Fail First Mindset

I just finished reading a very thoughtful post by David Culberhouseabout how contemporary leaders have to dispense with trying to be everything to all people in their organizations. In schools, it’s much more productive for leaders to be “Lead Learners,” that is to be honest and imperfect rather than guarded and defensive.
Leaders who have the confidence in themselves and trust in their “fellow learners,” or the stakeholders in the school, to approach decision-making as a collaborative and constructive process have a much better chance of effecting a positive, respectful culture than leaders who try to be superman.
As the adults in the building, we need to let down our guards and embrace failure as a natural step in the learning process. Failure is what happens when you try something new. From our first experiences with failure, we reflect on our performance, we make adjustments to our practice, and we try again. If we keep trying, reflecting & adjusting as we go, we learn valuable lessons about resilience and perseverance. As educators, when we model how to approach failure, we create an environment that values grit and determination, both if which are very important life lessons.
I have recently accepted a position on an administrative team with a leader who has such an approach and that made my decision much easier.
When I reflect back on how I have developed the skills that will serve me in my new role of Assistant Principal, I note the role that failure played in my process. Once I made the decision to explore educational leadership as a shift in career, I went back to school and learned the traditional way, from experienced teachers in a graduate program. In that program, I learned a lot of content knowledge, but, happily, I did not fail. When I graduated from the program, I had then somewhat naive belief that I was prepared and ready to become a school administrator. Then I started looking for jobs. In the first year of finishing the Ed. Leadership program, I put out a dozen or so applications and got three interviews. I failed to get a job. So I continued in my role as teacher, I reflected, and found ways to gain new experiences. In the second year, I submitted a couple dozen applications, got eight interviews and was chosen as a finalist at two schools. Alas, I failed in both of those contests. I returned to my job in the classroom, and, as a result of taking a hard look at my performance, I made a few key adjustments to my practice. In particular, I committed to a PLN on Twitter and launched this blog in order to be a productive participant in the fields of Ed. Leadership and Ed. Tech. In this, the third year after finishing an advanced degree, I sent out a few dozen resumes, scored about a dozen interviews, and was named a finalist three times. In each of those three contests, I failed. Each failure hurt a little bit, but I did not allow failure to paralyze me or dampen my desire to continue on toward my goal. I got called to interview at a couple more schools, as the school year was winding down. I kept positive, kept focused, and presented myself honestly, not trying to hide my inexperience or my areas of growth. I made it into the final round at each school. In the end, I selected the school that felt like the best fit for me.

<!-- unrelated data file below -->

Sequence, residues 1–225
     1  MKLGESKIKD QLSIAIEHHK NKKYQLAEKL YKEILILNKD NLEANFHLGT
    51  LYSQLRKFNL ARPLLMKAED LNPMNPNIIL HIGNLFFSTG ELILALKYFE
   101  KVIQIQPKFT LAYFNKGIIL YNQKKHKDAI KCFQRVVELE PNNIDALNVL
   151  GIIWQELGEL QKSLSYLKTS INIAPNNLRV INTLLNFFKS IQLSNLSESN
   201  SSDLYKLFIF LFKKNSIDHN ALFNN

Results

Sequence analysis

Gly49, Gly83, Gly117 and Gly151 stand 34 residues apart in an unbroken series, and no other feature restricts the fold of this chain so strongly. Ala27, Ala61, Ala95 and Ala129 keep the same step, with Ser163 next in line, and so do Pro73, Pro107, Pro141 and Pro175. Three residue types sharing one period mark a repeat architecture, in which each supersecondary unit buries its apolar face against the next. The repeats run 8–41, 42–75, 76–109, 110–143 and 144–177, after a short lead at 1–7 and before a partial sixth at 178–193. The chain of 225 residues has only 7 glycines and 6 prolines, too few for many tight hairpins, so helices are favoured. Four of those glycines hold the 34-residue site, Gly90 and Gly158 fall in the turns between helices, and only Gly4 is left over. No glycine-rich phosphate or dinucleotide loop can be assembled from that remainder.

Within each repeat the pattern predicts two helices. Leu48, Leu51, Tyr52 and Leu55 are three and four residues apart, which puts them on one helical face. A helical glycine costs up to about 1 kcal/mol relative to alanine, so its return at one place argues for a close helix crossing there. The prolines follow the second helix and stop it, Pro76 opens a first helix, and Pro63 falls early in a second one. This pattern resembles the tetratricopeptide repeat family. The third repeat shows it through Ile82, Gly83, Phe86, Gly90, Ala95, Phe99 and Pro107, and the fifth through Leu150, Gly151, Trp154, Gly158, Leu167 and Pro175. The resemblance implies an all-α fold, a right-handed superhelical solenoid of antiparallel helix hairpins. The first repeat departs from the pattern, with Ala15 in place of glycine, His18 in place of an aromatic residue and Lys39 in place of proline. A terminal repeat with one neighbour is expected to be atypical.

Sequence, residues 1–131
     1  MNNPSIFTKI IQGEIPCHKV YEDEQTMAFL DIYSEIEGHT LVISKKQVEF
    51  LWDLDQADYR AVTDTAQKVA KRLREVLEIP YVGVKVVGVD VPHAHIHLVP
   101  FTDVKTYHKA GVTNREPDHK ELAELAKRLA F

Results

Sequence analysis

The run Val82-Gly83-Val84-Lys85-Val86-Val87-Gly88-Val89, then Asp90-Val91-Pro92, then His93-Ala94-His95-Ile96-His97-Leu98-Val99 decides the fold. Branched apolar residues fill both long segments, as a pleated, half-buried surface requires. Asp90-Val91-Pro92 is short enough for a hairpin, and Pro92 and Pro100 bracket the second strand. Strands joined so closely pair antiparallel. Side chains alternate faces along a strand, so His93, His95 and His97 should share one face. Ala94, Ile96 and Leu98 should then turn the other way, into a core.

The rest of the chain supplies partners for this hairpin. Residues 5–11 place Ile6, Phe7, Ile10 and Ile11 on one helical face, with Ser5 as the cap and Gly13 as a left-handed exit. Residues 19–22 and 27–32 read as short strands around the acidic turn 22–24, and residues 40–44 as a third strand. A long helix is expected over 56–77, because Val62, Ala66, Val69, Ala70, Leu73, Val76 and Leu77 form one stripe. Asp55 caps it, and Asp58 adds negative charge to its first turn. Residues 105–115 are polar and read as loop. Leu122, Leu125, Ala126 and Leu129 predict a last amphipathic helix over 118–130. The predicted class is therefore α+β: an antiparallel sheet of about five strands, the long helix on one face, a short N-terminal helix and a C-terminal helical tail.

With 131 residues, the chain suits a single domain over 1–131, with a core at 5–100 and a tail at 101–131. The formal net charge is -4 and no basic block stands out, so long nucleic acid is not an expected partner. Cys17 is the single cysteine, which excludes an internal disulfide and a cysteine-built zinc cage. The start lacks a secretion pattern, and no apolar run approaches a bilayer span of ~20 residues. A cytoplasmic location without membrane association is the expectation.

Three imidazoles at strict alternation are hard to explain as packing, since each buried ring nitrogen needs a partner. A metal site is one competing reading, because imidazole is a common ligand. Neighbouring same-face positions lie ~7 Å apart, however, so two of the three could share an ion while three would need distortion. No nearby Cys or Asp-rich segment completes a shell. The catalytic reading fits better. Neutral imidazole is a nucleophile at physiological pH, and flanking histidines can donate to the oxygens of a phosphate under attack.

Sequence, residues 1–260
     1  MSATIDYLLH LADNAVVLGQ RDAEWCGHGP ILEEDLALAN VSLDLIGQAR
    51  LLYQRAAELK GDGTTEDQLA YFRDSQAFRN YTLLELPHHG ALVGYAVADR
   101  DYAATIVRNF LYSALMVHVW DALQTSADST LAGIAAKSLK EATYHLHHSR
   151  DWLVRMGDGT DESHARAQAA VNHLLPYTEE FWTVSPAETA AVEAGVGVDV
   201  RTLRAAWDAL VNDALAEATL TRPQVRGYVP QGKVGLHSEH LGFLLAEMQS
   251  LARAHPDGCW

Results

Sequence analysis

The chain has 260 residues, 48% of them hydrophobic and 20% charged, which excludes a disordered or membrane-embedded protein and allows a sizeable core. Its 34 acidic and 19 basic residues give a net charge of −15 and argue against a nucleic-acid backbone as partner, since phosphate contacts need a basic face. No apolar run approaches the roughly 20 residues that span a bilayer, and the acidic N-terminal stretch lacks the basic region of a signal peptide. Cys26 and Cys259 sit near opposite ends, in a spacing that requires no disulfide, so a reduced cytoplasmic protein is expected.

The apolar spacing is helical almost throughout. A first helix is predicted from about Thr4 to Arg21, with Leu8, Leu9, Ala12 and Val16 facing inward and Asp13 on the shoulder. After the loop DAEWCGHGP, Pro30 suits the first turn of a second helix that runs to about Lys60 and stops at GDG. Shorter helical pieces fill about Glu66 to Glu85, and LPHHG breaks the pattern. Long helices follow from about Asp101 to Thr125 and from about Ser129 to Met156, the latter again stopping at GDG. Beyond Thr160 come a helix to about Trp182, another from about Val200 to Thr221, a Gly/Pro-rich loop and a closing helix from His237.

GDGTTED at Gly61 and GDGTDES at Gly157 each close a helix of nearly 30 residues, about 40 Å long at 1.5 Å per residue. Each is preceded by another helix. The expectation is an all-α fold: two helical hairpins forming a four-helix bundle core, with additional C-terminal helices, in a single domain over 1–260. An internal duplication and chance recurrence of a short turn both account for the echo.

Failure might be uncomfortable. Failure in itself stinks. Failure makes us feel alone and adrift.
But failure can also be a very good teacher.
We just have to embrace being in need of instruction, being fallible, being a learner.

Photo Credit: Alex E. Proimos

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